Released 31st January 2011 by Matador Records
Chart Performance: Violet Cries reached number 13 on the UK Indie Charts but failed to chart on in the top 200.
What The Critics Said: “Layered, expansive and driven by the kind of shadowy dynamics Portishead might call their own, Esben And The Witch display an effortless aptitude for creating a sense of drama and intrigue.” Clash
Goth weepers Esben And The Witch are a Brighton based three piece. Daunting and haunting are the best two words to describe this youthful ghoulish band.
Goth music will and always be mocked in this day and age, and of course it’ll never be as popular as the term ”Goth” was back in the mid 80s, The Cure, Sisters Of Mercy anyone? Esben And The Witch have managed to keep the Goth music, youthful, spine binding and nightmarish without denting the laughable theatrical nature that Goth music has been associated with for many years.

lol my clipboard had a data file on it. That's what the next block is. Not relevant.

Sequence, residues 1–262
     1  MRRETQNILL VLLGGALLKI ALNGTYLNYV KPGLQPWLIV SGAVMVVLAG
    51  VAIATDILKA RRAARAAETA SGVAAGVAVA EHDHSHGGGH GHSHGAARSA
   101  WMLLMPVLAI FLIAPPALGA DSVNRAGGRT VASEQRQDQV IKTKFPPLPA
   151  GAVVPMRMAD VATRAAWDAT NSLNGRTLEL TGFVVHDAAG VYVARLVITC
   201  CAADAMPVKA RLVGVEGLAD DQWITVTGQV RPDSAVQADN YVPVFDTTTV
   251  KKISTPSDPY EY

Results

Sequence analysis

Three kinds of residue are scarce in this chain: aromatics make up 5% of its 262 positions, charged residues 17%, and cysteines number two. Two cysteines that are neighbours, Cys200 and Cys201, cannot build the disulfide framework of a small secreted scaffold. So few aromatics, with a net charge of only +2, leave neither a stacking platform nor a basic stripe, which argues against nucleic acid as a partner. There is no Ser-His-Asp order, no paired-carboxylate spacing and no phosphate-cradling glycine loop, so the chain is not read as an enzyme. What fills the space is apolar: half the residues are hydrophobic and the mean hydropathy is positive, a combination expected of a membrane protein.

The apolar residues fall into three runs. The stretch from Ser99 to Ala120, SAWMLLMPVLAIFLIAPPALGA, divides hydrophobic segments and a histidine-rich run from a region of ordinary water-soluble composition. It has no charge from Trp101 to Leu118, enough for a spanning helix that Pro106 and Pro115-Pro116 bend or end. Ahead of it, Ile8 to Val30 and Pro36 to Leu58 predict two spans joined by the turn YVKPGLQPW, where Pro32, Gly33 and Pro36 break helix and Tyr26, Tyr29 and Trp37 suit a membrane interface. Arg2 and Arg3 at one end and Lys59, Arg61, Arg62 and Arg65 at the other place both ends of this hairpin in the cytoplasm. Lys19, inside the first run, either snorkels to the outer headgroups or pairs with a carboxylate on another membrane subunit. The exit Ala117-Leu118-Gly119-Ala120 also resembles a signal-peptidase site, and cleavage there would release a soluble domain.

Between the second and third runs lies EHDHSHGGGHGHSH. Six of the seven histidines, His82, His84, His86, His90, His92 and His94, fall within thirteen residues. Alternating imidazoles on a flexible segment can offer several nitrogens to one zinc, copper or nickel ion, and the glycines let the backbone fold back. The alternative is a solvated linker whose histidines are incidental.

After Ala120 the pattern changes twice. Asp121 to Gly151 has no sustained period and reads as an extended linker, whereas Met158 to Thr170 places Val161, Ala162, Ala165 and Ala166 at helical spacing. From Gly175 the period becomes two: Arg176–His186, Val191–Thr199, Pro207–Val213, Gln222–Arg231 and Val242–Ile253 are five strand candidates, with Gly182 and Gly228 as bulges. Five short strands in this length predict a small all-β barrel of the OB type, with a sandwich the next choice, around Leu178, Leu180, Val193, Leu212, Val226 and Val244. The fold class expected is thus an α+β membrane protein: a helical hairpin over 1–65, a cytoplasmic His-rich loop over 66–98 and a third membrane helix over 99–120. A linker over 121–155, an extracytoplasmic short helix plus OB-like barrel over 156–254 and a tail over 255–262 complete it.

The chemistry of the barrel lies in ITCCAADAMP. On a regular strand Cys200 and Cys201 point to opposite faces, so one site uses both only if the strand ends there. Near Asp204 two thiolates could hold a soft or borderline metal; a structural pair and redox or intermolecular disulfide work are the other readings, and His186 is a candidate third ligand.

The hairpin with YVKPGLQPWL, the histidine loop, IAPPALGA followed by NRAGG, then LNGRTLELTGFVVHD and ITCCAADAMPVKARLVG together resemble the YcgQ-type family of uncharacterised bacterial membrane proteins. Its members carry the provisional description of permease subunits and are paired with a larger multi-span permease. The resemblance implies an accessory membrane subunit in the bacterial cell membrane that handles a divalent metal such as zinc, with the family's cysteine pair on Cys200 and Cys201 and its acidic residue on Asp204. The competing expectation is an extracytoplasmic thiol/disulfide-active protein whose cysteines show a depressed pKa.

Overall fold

Violet Cries within itself, is a breathtakingly lean hunchback of an album, full of little teary eyed moments. Filled with theatrical melodies locked in transit with the holy deadly opera-era vocals. ”Warpath” is layered with ghoulish synths whilst unsettling thumping noise permeate ”Marching Song”, with this on edge character being hurried through a series of gloom-doomed riffs.
”Marine Fields Grow” is oozing in gloom chilli, lead singer Rachel Davies’ heroic vocals sound like she has become possessed by the backlog of synths laden guitars. The album is awash with astonishingly creepy, Exorcist style vocals. Rachel sings like a human trying to change into wolf like figure during the full moon throughout most of Violet Cries, some would say painful. I say magical.
Esben And The Witch have managed to twist Violet Cries into a big atmospheric, a dark tale of unsettling waves within emotionally exhausting ten songs. Simone F